The Miami Herald
October 21, 1998

Miami attractive to exiled rulers

Some were deposed, some others fled homeland under cloud

             By JUAN O. TAMAYO
             Herald Staff Writer

             Human rights activists searching for more targets after Gen. Augusto Pinochet's
             arrest in Britain need look no further than Miami, which has long harbored Latin
             American leaders who fled their homelands.

             ``This is a rest and recreation spot for corrupt government officials and military
             leaders on the run, said Charles Intriago, a Miami consultant on anti-money
             laundering strategies.

             Most of the Latin Americans on the run in South Florida are accused of corruption
             and other nonviolent crimes rather than human rights abuses -- looting banks,
             defrauding insurance companies or being involved in paying or accepting bribes.

             They include half a dozen former members and supporters of Ecuadorean
             President Abdala Bucaram's government, toppled in 1997 amid charges of
             widespread corruption; a couple of Salvadorans accused of bank fraud; and a
             scattering of Venezuelans, Colombians and Peruvians allegedly involved in various

             Frequent accusations on rights

             But the most notorious residents have been politicians, military leaders and their
             henchmen, virtually all right-wingers whose governments stand accused of human
             rights violations.

             Former Gen. Jose Guillermo Garcia, head of El Salvador's armed forces in the
             1980s, when military-linked death squads killed thousands of people suspected of
             being leftists, has lived in South Florida since the early 1990s.

             Garcia's successor, Gen. Carlos Eugenio Vides Casanova, who also served as the
             head of the much feared national guard, now lives in northern Florida. Both men
             have denied any role in human rights abuses.

             Living in the Miami area for many years is Luckner Cambronne, Haiti's minister of
             the interior and defense under the brutal Francois ``Papa Doc Duvalier regime and
             advisor to his son Jean Claude, who assumed the presidency on his father's death
             and held power until fleeing to European exile in 1986.

             Escaped from Haiti

             A more recent arrival is Haitian army Lt. Col. Paul Samuel Jeremie, convicted in
             1986 of torturing Duvalier opponents and sentenced to 15 years in prison. He
             escaped in 1988 and moved quietly to Miami, Haitian sources said.

             Refugees say several conservative Haitians who organized or financed loose-knit
             death squads during the last military dictatorship from 1991 to 1994 are also living
             discreetly in the Miami area.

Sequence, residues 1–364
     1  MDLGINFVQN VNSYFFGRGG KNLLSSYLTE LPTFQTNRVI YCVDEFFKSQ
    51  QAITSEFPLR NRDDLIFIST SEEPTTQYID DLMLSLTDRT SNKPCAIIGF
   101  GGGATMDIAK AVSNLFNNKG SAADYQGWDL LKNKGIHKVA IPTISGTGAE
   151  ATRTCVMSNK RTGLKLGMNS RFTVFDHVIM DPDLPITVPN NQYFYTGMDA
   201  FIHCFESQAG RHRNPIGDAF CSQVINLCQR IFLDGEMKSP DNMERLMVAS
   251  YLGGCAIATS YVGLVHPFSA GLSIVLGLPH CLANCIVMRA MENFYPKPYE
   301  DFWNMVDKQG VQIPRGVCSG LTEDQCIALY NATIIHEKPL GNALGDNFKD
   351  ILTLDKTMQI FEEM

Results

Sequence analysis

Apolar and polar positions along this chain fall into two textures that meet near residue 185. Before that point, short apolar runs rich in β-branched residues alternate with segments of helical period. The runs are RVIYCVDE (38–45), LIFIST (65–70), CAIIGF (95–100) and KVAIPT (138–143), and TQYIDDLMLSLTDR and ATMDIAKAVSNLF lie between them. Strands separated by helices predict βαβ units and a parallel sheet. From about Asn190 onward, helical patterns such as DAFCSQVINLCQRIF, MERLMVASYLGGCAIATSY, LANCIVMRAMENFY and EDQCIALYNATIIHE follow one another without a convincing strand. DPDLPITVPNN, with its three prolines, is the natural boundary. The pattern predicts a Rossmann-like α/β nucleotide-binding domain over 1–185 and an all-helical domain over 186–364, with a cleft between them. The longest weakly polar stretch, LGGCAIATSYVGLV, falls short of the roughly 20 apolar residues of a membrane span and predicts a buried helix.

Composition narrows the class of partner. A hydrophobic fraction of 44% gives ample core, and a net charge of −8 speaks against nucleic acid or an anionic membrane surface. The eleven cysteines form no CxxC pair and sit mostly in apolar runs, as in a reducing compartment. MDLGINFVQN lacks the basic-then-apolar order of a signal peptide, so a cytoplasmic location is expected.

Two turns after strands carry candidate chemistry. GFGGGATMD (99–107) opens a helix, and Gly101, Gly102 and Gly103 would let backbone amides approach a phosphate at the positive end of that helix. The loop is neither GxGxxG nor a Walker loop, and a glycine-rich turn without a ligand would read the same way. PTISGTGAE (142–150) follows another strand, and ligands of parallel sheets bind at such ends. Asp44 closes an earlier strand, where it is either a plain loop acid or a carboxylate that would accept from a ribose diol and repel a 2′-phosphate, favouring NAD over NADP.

At least two former members of the Honduran army's Battalion 316, a
             CIA-trained intelligence unit alleged to have murdered more than 100 suspected
             leftists in the 1980s, are also known to be living in South Florida.

             Jose Lopez Rega, the Argentine social welfare minister accused of founding his
             country's Triple-A death squads in the 1970s, was captured in Miami and
             extradited to Buenos Aires in 1986. He died in 1989.

             Nicaragua's Anastasio Somoza, last of a family dynasty, lived briefly in South
             Florida after a Sandinista-led revolution toppled him in 1979. He later moved to
             Paraguay, where he was assassinated by leftist Argentine guerrillas.

             One former ruler came against his will: Panamanian strongman Gen. Manuel
             Antonio Noriega, captured in the U.S. invasion of Panama in 1989 and brought
             here to face drug charges. He is serving a 40-year jail term.

             Other noted Latin American residents of South Florida are merely controversial.

             Former Brazilian President Fernando Collor de Mello spent a couple of years
             living in Miami Beach after he was forced to resign in 1992 amid charges of
             corruption. He is now living in Brazil.

             And former Honduran Defense Minister Luis Alfonso Discua, named deputy
             ambassador to the United Nations in 1996 amid reports that he was plotting a
             coup, has spent much of his time since then in Miami, friends say.

             Venezuela's Gen. Marcos Perez Jimenez fled to Miami when his eight years of
             dictatorial rule ended in 1958.

             A retirement locale

             Some former leaders simply retired to South Florida, like Marcos Aurelio Robles,
             Panama's elected president from 1964 to 1968, who died in Miami in 1990 at the
             age of 84. Another Panamanian president, Arnulfo Arias, lived in exile in Miami
             after each of the three coups against him -- in 1940, 1948 and 1968 -- and died in
             the city in 1988, one week short of his 87th birthday.

             Cuban President Carlos Prio Socarras, overthrown in 1952 by Fulgencio Batista,
             spent his final years in Miami Beach, where he died in 1977.

             Still living in South Florida are the widow and a son of Batista, who was in turn
             overthrown by Fidel Castro in 1959, and the widow of Gen. Rafael Leonidas
             Trujillo, who ruled the Dominican Republic with an iron hand until he was
             assassinated in 1961.

                               Copyright © 1998 The Miami Herald